Cow’s milk is a source of much controversy, and the purpose of this article is to try and clear up some of the confusion.
Is cow’s milk responsible of the baby’s eczema? No! but ...
Milk is a complete food, i.e. it contains sugar (carbohydrate), fat and protein, which are the three groups of food we need – not forgetting vitamins, trace elements and water. We need to say something about each of the food groups that milk contains
• The sugar in milk is called lactose.
To digest lactose, our bodies make a molecule called lactase. Asians make very little lactase, while western populations in the North make more than those living in the South. The amount of lactase produced reduces with time, and, in France, there is only 10 to 30% left by the age of 6. Babies, therefore, can digest the sugar in milk.
• Fats and oils are called lipids.
They include vitamin A, a good fat found in uncooked butter, but destroyed by heat, and bad fats, saturated fatty acids, which have the annoying property of being pro-inflammatory, i.e. they make all inflammatory diseases worse, including atopic dermatitis. This mechanism mainly affects people who eat large amounts of cheese, which is not the case for babies!
• It is only the proteins in cow’s milk that can cause an allergic reaction.
You can only be allergic to proteins, never to carbohydrates or fats. So allergy to cow’s milk in babies does exist, but only in 2 to 3% of atopic babies. This adds up to 4,800 babies a year, as compared to the 152,000 a year who develop atopic dermatitis without any true allergy to cow’s milk proteins. The allergy is all the easier to detect as it is accompanied by other signs like diarrhoea, occasionally an ear infection or poor weight gain. In such cases the baby should be seen by an allergist or paediatric allergist, who will run the required tests.
There is currently a rumour going around that a link between atopic dermatitis and cow’s milk is much more common. So what do the numbers tell us?
Consumption of cow’s milk has been falling constantly since the 1950s, while that of yoghurt and cheese has risen. In 1950 it was 74 litres per person per year, as opposed to under 60 litres nowadays, while yoghurt consumption has doubled, going from 9 kg to 18 kg, and that of cheese has tripled, from 5 kg to 18 kg.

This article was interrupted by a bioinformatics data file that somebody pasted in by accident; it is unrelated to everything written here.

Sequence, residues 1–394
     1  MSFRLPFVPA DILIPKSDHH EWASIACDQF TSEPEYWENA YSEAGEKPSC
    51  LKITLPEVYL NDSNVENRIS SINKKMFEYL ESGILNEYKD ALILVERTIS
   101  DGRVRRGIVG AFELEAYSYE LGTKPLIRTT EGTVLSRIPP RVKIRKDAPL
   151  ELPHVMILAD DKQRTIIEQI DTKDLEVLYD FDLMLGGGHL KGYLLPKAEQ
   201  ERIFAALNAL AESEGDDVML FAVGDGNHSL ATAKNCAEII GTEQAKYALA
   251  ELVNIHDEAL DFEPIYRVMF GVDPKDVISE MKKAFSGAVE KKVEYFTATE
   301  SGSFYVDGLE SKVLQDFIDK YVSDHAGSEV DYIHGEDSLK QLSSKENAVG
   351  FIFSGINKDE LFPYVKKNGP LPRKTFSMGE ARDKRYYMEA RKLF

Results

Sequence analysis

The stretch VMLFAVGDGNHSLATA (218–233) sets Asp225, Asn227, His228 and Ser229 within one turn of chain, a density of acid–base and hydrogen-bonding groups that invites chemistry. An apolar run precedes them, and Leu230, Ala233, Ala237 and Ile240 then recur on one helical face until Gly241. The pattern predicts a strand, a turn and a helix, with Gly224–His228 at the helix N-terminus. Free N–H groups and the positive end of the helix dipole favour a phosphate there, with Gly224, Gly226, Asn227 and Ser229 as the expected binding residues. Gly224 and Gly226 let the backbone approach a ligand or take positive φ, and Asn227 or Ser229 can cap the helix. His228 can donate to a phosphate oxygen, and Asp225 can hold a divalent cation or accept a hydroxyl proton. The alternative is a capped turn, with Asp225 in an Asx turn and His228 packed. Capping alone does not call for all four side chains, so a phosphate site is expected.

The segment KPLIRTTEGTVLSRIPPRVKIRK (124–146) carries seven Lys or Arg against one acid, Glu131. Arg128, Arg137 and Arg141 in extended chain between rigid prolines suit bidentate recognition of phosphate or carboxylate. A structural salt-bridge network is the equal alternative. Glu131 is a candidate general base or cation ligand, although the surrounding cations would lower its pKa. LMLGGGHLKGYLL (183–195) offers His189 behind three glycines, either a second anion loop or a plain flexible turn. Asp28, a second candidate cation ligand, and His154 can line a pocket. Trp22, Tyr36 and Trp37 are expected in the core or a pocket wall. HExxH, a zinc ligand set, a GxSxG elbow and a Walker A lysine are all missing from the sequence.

Over the same period, AD in children has risen from 3% to 20%. Now, babies eat neither yoghurt nor cheese until they are about 6 months old, while atopic dermatitis often starts in the very first month of life.
These simple figures prove that there is no statistical connection.
Nevertheless, our everyday practice leads us to suggest that stopping cow’s milk can be successful in managing atopic dermatitis. When?
When local treatments (hygiene, emollients, local corticosteroids) are being adhered to but are not working, or not working very well, and recurrence is immediate, two questions need to be asked:
• Is there a problem with the intestinal flora?
• Is it a case of milk intolerance?
The first hypothesis is the more plausible if the mother took antibiotics during pregnancy, and/or the baby has taken them since birth
The second is the more plausible if repairing the intestinal flora has not resulted in an improvement in the condition of the skin.
In practice, therefore, we should:
• Give the baby pre- and probiotics in addition to something to treat thrush if they have taken antibiotics.
• After a month, see whether there has been a definite, stable improvement.
• Otherwise opt for a 90% hydrolysed milk. If the expected improvement is finally achieved, keep the hydrolysed milk for the baby’s bottle and only used goats’ or ewes’ milk yoghurt for a few months. Cow’s milk can be reintroduced a few months later, as it is not an allergy but just a usually short-lived intolerance.
• Avoid soy milk and almond milk – they are vegetable juices, not milk. It’s an important difference, because their nutritional quality is completely different.